Colloquium: Dr. Alan R. DentonDepartment of Physics North Dakota State University Fargo, ND
Multiscale Modeling of Screening and Crowding in Soft Materials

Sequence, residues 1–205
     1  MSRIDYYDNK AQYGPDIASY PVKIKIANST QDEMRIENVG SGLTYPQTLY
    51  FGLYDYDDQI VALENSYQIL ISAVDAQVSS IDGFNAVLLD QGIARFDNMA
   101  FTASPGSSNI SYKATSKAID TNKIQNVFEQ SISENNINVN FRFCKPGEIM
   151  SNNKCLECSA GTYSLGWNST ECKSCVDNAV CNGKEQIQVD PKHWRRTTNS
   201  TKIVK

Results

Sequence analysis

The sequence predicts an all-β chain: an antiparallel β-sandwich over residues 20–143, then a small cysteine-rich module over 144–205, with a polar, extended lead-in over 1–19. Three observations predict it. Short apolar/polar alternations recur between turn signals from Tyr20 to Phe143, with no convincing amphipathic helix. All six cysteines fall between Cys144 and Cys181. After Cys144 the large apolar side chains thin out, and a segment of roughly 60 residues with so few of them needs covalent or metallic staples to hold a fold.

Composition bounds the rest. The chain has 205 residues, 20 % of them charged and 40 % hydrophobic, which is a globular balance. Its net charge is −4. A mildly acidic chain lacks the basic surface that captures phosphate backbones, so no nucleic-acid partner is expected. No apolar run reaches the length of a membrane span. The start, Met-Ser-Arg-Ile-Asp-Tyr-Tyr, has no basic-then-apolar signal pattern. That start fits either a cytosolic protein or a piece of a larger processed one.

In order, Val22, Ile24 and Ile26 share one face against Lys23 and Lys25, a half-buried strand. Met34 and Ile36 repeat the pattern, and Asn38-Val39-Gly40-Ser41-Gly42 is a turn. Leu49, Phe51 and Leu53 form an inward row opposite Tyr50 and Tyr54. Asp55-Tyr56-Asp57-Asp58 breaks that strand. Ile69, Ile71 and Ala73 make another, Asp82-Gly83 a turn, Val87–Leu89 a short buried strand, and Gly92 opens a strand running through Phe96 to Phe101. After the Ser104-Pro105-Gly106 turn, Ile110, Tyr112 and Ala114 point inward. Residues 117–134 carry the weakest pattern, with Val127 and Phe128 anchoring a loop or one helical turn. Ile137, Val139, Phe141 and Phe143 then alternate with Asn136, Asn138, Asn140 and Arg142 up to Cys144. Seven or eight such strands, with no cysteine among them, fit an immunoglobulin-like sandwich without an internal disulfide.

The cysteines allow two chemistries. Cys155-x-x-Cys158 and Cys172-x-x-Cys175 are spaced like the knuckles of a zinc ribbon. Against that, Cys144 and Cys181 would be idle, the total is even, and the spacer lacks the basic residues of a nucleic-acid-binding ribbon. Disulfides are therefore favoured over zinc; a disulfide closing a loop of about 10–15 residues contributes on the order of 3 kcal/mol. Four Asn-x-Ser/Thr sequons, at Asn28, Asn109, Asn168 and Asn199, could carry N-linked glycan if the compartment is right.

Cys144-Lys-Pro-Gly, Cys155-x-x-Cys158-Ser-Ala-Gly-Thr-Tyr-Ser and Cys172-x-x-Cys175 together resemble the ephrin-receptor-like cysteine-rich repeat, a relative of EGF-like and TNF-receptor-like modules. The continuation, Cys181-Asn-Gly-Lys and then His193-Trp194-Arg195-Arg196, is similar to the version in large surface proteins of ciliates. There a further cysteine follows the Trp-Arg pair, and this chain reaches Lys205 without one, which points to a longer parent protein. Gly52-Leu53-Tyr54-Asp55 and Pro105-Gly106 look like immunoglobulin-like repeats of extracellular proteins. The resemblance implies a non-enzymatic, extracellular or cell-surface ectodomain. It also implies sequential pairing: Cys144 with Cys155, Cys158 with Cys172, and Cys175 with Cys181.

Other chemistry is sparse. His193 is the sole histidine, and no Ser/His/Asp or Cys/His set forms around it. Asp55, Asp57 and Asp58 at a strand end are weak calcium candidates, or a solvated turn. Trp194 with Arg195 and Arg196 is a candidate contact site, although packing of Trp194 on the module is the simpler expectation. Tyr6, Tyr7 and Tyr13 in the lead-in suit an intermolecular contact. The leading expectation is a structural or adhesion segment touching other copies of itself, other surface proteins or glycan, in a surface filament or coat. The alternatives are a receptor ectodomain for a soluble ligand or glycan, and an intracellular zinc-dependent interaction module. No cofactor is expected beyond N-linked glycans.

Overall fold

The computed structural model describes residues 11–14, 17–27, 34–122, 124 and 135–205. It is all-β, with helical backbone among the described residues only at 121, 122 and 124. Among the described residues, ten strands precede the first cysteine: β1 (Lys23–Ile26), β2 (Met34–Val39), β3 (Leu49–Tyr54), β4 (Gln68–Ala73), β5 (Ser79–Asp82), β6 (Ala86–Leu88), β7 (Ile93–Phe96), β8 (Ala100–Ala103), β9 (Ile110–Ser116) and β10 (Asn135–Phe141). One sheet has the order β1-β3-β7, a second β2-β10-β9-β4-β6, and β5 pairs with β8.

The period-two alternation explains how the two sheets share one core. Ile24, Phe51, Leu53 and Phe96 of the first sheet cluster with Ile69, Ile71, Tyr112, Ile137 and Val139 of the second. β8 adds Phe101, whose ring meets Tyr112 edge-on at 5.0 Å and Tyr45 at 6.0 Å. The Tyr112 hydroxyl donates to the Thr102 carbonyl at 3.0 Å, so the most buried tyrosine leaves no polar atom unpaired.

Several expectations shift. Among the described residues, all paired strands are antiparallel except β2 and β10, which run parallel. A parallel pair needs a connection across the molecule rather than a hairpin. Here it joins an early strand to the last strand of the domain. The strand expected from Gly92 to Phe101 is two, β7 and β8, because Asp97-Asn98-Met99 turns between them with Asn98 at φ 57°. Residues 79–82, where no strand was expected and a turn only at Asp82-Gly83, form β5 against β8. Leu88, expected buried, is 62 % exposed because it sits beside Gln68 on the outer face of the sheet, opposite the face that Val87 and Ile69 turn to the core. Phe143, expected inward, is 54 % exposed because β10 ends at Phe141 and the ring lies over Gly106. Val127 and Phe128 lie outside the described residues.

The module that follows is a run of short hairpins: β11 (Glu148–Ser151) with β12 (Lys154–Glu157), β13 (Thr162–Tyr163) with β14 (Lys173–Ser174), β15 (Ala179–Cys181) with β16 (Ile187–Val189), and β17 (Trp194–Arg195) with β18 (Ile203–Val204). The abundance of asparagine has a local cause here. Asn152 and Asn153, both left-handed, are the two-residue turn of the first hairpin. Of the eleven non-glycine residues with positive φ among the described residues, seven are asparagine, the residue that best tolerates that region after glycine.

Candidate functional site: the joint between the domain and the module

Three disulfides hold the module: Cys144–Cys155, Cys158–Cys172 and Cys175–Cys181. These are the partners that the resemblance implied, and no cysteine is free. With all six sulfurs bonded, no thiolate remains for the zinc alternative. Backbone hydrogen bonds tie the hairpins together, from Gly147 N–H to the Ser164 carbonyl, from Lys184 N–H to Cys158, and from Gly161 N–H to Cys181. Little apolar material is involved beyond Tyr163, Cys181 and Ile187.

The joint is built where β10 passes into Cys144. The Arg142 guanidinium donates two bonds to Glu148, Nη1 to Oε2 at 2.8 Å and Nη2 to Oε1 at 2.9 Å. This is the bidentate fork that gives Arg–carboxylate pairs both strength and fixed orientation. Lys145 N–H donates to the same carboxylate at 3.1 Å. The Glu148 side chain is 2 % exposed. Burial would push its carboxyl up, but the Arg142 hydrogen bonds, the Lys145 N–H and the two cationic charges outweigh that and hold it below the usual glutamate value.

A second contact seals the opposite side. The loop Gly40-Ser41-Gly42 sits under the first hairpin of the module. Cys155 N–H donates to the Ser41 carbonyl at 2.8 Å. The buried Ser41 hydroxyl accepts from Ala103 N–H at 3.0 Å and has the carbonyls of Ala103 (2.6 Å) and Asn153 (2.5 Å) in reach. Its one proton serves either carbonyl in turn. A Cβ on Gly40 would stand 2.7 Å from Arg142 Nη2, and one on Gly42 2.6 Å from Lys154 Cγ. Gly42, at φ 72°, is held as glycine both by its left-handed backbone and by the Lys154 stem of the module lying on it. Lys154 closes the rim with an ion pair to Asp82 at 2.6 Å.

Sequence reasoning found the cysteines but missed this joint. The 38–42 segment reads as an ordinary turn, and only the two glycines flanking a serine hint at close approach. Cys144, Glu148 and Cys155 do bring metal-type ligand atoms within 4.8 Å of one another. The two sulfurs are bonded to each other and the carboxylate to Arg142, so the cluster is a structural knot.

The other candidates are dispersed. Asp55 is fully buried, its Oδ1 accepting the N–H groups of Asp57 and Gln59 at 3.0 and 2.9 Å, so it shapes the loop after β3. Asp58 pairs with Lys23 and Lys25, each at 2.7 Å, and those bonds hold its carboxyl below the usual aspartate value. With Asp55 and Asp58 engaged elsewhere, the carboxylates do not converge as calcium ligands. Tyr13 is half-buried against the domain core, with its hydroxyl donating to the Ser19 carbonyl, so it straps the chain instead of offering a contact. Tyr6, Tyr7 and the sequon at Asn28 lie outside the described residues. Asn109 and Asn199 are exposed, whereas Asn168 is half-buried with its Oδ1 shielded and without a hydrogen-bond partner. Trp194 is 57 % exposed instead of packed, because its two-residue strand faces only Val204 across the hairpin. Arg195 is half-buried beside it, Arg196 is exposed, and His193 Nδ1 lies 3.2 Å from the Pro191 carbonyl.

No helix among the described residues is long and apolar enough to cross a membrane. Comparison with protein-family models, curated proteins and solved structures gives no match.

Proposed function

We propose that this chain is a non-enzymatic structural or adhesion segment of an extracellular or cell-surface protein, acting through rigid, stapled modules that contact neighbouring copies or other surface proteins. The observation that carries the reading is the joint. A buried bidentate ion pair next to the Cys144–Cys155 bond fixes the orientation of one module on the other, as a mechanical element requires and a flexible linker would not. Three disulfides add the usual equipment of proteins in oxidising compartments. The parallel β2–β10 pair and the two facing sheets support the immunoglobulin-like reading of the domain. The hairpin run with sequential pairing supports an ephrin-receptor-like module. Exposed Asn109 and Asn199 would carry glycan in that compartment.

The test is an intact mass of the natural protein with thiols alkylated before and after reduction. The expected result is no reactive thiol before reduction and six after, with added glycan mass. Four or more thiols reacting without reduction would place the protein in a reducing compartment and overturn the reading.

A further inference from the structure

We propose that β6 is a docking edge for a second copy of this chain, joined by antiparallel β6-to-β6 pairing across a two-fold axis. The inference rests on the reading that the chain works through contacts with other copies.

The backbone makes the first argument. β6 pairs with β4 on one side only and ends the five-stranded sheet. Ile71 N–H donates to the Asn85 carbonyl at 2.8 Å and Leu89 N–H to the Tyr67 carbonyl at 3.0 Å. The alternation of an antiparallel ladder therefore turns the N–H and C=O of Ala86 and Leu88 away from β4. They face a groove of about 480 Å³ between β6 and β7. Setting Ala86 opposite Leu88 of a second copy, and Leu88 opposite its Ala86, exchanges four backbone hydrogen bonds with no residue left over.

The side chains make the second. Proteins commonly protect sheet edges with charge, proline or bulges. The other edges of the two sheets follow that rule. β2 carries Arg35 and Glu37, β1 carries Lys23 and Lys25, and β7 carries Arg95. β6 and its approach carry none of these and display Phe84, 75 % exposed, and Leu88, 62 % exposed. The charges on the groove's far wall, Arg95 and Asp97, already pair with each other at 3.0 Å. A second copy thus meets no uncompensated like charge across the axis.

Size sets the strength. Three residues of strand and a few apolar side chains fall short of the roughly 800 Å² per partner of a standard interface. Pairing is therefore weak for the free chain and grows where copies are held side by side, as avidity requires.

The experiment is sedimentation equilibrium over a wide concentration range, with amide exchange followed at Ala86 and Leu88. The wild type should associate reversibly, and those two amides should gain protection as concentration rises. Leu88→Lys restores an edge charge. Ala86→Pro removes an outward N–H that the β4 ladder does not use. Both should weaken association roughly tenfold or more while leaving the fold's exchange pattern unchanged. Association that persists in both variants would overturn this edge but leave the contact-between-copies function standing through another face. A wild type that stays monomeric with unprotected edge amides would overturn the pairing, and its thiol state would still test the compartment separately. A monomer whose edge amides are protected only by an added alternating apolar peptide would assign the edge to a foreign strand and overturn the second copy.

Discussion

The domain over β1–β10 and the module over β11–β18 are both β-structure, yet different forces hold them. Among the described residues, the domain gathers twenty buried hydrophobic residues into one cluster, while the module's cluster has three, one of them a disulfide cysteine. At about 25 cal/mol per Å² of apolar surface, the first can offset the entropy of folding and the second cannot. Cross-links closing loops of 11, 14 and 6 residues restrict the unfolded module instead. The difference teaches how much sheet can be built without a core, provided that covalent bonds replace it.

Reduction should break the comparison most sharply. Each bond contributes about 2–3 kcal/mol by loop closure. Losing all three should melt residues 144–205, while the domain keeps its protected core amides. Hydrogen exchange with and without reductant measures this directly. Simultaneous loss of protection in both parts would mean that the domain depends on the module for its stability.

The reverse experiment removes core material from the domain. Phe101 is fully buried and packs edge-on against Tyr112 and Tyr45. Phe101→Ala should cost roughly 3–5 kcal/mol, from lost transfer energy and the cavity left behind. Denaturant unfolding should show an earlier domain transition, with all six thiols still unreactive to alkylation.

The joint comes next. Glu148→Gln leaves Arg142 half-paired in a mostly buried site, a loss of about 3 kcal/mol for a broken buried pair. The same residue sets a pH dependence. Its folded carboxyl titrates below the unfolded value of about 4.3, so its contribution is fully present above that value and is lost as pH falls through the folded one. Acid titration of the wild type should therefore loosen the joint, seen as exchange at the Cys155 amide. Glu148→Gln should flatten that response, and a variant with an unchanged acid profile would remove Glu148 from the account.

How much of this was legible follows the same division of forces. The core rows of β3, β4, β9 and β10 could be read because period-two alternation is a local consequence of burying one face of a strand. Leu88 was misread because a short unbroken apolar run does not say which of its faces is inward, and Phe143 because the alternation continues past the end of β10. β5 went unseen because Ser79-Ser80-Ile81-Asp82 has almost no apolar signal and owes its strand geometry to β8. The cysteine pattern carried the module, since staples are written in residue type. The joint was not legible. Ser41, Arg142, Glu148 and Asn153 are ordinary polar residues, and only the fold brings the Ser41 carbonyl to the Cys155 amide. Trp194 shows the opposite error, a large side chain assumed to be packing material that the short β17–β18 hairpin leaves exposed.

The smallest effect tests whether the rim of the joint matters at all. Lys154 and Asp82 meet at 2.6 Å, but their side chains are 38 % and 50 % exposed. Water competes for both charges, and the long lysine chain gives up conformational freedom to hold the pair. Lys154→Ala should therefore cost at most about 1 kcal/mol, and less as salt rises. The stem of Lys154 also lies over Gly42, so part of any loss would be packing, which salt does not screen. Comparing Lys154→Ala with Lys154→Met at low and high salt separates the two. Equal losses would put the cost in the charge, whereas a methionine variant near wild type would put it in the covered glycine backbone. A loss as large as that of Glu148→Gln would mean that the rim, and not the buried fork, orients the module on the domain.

Soft materials composed of mixtures of macromolecules (e.g., polymers or colloids) have attracted much recent attention for their rich morphologies and phase behavior and their promise for engineering novel materials. For example, colloidal crystals can serve as templates for fabricating "inverse opals" -- highly porous materials, whose micron-sized cavities affect light propagation -- with potential applications to quantum computers. The ability to independently vary size and charge ratios of different species greatly expands the possibilities for tuning interparticle interactions and stabilizing unusual phases. In modeling soft materials, coarse-grained approaches often prove essential to surmount computational challenges posed by multiple length and time scales. In this talk, I will outline a practical approach to modeling effective interactions in ultra-polydisperse mixtures for input to statistical mechanical theories and computer simulations. Using a sequential coarse-graining procedure, I will show that a mixture of charged colloids and nanoparticles can be mapped onto a one-component model of pseudo-colloids interacting via a screened-Coulomb (Yukawa) effective pair potential, with relevance for stability of pharmaceuticals and other suspensions. For mixtures of polymers and nanoparticles, a free-volume theory predicts that crowding by nanoparticles can modify polymer conformations, with biological relevance for protein and RNA folding.